Nimco aligns herself neither with the left or right but admits that her party’s politics are more on the left-libertarian side of the spectrum. Nimco points out that the policies on gender outlined in the latest Conservative manifesto were, on the surface, very similar to those present in the WEP’s manifesto. Nimco says she welcomes this, as the WEP released their manifesto a week before the other political parties in a bid to have their policies adopted.
The U.K has seen a growing populist trend, against the establishment, which has allowed more parties to become a part of the political dialogue.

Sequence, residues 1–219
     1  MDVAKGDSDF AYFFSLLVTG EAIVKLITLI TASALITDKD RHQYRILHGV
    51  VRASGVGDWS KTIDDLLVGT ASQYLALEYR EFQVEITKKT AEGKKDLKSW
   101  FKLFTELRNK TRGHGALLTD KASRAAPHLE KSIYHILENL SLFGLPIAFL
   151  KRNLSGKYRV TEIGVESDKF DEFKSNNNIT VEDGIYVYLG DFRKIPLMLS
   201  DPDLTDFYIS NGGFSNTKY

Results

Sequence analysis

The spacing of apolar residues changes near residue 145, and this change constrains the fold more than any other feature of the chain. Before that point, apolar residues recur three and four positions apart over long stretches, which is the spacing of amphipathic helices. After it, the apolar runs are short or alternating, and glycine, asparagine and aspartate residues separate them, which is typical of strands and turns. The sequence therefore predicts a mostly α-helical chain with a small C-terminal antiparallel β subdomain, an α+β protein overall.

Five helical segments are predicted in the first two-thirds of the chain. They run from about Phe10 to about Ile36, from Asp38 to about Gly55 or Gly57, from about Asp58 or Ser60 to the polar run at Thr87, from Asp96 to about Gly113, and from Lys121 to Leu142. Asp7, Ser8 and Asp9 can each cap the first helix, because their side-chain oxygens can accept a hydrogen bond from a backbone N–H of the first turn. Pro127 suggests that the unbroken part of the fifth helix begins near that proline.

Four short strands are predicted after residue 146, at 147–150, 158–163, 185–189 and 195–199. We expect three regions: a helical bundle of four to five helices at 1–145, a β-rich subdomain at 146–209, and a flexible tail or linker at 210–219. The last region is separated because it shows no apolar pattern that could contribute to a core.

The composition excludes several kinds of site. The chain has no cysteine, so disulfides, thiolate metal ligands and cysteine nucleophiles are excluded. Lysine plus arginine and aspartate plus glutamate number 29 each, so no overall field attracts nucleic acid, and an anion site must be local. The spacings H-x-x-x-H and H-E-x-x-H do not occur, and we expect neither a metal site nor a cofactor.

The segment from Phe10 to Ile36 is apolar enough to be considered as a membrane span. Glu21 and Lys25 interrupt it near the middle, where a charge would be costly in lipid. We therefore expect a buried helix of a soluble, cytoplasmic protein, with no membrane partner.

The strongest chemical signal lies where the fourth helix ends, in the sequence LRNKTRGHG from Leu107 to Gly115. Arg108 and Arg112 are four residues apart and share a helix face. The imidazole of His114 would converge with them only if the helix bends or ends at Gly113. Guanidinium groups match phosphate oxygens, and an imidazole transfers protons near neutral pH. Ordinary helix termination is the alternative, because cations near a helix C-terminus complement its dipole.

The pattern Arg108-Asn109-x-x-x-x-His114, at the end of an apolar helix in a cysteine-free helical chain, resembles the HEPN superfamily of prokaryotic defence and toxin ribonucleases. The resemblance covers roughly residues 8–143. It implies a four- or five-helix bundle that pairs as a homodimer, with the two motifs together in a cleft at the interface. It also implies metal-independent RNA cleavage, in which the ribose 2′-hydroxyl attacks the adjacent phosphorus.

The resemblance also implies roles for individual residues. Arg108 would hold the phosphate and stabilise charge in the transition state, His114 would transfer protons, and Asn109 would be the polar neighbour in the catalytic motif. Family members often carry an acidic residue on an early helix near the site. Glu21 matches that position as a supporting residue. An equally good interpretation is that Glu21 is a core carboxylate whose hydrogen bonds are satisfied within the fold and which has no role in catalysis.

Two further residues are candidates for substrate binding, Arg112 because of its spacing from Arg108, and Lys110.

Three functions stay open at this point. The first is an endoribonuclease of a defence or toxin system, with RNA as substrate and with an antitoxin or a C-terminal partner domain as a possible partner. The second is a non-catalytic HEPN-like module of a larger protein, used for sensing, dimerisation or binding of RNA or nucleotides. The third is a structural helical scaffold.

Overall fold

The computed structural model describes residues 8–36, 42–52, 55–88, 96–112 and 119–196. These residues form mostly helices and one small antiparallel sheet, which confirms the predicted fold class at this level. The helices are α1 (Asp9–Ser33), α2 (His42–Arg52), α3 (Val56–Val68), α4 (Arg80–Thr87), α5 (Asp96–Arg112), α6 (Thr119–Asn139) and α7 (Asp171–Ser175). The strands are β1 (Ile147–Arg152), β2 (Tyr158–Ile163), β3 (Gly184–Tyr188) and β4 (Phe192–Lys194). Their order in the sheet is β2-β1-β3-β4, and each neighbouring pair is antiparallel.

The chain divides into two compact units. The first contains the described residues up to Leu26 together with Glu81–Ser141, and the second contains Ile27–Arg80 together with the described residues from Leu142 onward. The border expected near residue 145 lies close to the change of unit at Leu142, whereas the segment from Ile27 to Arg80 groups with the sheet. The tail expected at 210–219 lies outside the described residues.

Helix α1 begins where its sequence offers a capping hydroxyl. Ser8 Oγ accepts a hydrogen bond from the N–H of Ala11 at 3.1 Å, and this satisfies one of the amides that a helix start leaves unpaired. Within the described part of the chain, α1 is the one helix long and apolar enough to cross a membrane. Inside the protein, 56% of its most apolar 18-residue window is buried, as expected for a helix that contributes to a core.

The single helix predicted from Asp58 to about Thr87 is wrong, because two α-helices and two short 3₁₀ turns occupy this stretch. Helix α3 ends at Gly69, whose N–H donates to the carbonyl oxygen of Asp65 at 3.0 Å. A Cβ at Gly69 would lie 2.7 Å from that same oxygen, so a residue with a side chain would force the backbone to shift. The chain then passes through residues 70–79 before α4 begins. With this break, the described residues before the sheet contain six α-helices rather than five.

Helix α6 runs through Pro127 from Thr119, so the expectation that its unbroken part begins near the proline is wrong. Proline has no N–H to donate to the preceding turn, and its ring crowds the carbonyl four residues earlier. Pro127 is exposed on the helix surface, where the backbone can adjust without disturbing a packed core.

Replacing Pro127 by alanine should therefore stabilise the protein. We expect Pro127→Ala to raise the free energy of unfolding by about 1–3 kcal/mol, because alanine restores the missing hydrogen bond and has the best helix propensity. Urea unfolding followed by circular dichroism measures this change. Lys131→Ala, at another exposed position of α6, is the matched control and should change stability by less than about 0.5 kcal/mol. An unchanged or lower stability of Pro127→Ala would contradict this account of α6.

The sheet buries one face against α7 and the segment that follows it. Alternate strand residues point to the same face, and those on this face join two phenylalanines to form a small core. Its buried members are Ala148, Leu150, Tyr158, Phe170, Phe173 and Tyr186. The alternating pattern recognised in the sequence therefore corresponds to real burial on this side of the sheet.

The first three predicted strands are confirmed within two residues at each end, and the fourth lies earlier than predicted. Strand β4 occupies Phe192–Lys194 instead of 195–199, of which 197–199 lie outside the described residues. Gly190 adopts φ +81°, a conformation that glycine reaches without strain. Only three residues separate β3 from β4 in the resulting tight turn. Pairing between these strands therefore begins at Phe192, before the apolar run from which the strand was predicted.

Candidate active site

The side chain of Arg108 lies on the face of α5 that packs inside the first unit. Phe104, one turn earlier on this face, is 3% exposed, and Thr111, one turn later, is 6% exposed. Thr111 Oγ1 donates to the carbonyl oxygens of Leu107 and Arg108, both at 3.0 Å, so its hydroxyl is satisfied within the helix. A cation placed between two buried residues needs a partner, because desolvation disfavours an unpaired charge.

The same is true on a microscopic level for the Somali community, where generational shifts in voting are taking place and people are voting differently. Do I think the Somali community will start voting for the Conservatives or WEP in droves this election? No, but I am proud of how the Somali community is lending their political voice during these elections.
This could perhaps even be a marker of identities being developed outside of the 2D prism of being a “Somali Muslim” – but also being a woman, disabled, a student etc. Difference has encouraged more of us to get active, speak and debate policies that we care about – which I embrace as a positive step for our community.